The Fed thinks the stock market is looking a tad on the expensive side.
From the report (emphasis ours):
“Forward price-to-earnings ratios for equities have increased to a level well above their median of the past three decades. Although equity valuations do not appear to be rich relative to Treasury yields, equity prices are vulnerable to rises in term premiums to more normal levels, especially if a reversion was not motivated by positive news about economic growth.”
Put another way, price-to-earnings ratios, or P/E, for stocks look a little high. Price-to-earnings is the basic measure of the price of the S&P 500 divided by the profits, or earnings, of the 500 companies that make up the index.
According to data from FactSet, the current 12-month forward P/E ratio using guidance from the S&P 500 companies to reflect future expected earnings sits at 16.4x earnings as of Friday. The average over the past 10 years is 14.3x earnings.
Just because stocks are expensive doesn’t necessarily mean that they will fall, as the report notes they still look attractive compared with ever-declining bond yields. But the concern expressed in the report is that if negative economic data were to point to a slowdown in the growth of the US economy, the price of stocks could fall back to historical levels.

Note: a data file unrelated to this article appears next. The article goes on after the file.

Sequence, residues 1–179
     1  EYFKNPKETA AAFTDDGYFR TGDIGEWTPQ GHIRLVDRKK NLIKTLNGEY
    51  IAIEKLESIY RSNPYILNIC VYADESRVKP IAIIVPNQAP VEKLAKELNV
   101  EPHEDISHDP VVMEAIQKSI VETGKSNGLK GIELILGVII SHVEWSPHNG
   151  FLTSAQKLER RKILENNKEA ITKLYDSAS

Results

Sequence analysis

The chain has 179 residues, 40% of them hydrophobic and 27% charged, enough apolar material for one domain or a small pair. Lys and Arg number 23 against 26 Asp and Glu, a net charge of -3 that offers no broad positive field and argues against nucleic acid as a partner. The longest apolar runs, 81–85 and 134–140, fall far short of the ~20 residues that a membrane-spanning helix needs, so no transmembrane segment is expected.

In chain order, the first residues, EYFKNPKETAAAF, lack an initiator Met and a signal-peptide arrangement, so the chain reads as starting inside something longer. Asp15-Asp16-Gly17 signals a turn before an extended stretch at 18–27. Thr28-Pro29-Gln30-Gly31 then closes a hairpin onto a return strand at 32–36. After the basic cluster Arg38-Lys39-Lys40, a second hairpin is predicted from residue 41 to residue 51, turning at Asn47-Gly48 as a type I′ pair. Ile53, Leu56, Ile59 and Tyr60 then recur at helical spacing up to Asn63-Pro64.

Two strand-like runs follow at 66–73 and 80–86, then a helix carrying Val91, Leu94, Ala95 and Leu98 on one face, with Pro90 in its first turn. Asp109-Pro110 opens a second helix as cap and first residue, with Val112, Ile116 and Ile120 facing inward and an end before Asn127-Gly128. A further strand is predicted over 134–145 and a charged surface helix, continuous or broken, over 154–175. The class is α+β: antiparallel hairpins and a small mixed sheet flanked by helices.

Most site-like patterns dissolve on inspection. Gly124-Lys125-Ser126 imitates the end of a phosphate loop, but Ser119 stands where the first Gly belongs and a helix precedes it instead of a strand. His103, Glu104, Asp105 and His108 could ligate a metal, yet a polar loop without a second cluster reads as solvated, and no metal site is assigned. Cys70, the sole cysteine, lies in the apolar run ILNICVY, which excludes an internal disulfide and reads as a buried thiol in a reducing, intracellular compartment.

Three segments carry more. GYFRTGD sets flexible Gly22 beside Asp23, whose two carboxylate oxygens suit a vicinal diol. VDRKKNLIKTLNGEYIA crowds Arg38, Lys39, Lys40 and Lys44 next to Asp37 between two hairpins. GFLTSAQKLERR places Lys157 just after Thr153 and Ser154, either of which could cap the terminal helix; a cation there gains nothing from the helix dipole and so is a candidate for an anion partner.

Stocks are a forward-looking asset, so if the economic outlook is more downbeat, it is likely that that prices, and by extension the P/E, would decline.
And while Yellen and the Fed are cautiously optimistic on the future of the economy and don’t believe that a drop-off is likely, this warning is ought not to go unnoticed.
Update: A previous version of this post included a chart showing the current price-to-earnings ratio of the S&P 500. It has been updated with a chart showing the forward 12-month P/E ratio for the S&P 500 to better reflect the Fed’s assessment of the stock market.